By Linda Fisher Thornton Leaders are in a unique position to make ethics a priority through their everyday actions, but simply modeling ethics isn’t nearly enough. Here is a starting list of 5 actions leaders can take that move organizations toward an ethical culture, besides telling people how important ethics is and demonstrating it in everyday behavior and choices.
Building an Ethical Culture (Part 4)
By Linda Fisher Thornton Ethical Culture is a System of Systems Don’t assume that an ethical culture will just happen in your workplace. Even if you are a good leader, ethical culture is a delicate thing, requiring intentional positive leadership and daily tending. It requires more than good leadership, more than trust building, and more than good hiring. Why does building an ethical culture require so much more than good leadership? Ethical culture is a system of systems, and just putting in good leadership, trust-building and good hiring doesn’t make it healthy.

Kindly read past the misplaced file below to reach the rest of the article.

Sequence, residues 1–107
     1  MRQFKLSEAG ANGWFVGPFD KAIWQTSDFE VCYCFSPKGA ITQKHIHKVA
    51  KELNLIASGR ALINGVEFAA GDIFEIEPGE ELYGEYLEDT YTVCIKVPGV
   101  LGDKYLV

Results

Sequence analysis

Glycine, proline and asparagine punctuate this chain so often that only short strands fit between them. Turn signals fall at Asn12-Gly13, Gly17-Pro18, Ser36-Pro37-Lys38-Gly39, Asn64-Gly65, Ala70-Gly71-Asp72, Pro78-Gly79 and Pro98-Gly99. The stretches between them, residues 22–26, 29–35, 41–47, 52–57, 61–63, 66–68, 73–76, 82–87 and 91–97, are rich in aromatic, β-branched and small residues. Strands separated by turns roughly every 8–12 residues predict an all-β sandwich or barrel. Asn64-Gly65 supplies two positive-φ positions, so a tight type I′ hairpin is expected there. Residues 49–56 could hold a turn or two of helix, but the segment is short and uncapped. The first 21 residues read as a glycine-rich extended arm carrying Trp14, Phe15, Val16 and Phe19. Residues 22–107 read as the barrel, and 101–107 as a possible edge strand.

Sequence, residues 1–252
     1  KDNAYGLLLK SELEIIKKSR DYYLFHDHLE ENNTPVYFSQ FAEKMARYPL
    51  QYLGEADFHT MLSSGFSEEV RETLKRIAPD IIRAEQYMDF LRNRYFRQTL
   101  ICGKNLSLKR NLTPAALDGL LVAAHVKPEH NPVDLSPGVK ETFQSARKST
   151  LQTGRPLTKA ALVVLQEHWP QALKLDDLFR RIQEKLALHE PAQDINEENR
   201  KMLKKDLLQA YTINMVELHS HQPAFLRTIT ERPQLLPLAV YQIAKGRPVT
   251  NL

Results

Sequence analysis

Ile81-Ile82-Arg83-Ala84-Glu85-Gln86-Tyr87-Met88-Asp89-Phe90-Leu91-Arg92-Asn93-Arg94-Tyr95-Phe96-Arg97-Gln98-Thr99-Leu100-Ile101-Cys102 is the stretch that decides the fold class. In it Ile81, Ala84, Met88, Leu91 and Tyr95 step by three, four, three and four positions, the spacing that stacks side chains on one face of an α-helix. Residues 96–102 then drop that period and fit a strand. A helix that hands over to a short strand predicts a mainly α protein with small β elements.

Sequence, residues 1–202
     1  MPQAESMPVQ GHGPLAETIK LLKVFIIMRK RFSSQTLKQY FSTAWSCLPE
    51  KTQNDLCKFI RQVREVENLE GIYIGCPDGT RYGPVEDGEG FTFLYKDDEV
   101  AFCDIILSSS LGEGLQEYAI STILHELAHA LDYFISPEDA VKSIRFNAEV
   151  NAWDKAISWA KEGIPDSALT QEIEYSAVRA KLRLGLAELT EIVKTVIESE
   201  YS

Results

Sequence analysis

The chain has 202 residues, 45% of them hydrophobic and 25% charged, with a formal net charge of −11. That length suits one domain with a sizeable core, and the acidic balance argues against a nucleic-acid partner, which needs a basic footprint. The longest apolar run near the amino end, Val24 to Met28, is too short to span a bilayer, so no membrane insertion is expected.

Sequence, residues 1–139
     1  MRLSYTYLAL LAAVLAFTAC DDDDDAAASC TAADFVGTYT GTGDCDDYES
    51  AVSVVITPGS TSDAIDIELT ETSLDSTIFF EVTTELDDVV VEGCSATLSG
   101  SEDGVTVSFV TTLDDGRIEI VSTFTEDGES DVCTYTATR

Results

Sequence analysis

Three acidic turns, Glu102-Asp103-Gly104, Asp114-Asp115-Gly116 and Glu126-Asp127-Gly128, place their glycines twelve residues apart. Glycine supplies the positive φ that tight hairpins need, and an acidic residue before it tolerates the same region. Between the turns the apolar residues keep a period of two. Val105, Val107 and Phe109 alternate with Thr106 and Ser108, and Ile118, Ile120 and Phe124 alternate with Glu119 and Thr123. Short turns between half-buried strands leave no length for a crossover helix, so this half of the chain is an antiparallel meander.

Building an Ethical Culture (Part 3)
By Linda Fisher Thornton Ethics has a compounding effect on culture, and our leadership choices determine whether that effect will be positive or negative. Being diligent about ethics in every decision brings the culture ethics dividends. Being careless about ethics brings ethics penalties. The tricky part about managing ethical culture is that every leader decision and action throughout the organization is changing the equation. The culture equation is changing in real time, every day.
Building an Ethical Culture (Part 2)
By Linda Fisher Thornton One of my favorite concepts for understanding how social media is changing the visibility of organizational culture is Trendwatching.com’s report Glass Box Brands. As Trendwatching.com eloquently explains, “In an age of radical transparency, your internal culture is your brand.” The key point I take away from this important report is that we can no longer assume that our culture is private. In fact, it’s completely public and it defines our brand.
Building an Ethical Culture (Part 1)
By Linda Fisher Thornton After I published “Prevention or Cure: Your Choice” about reducing ethical risk and creating a positive culture a reader asked for more information about the business case for prevention. Here are some compelling reasons why the prevention approach is a better business decision than waiting for ethical problems and applying a “cure” after the organization is already in trouble.